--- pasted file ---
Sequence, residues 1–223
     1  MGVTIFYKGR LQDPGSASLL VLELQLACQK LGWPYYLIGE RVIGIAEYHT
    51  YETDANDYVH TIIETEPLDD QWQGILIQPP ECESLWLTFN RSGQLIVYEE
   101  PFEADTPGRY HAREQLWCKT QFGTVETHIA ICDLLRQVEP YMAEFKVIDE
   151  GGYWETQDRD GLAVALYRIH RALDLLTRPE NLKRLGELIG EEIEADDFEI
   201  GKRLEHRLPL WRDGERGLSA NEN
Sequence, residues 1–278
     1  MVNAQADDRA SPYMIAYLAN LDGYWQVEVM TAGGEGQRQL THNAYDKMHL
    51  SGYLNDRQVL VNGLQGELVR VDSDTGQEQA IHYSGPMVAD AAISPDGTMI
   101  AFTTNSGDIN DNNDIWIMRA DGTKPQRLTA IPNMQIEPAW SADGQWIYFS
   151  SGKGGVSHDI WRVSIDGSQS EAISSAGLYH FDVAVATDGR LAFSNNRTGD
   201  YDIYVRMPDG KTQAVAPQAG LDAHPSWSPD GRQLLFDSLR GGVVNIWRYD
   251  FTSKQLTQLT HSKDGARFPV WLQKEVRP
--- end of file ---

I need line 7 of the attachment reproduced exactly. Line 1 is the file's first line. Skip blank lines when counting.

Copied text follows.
Sequence, residues 1–278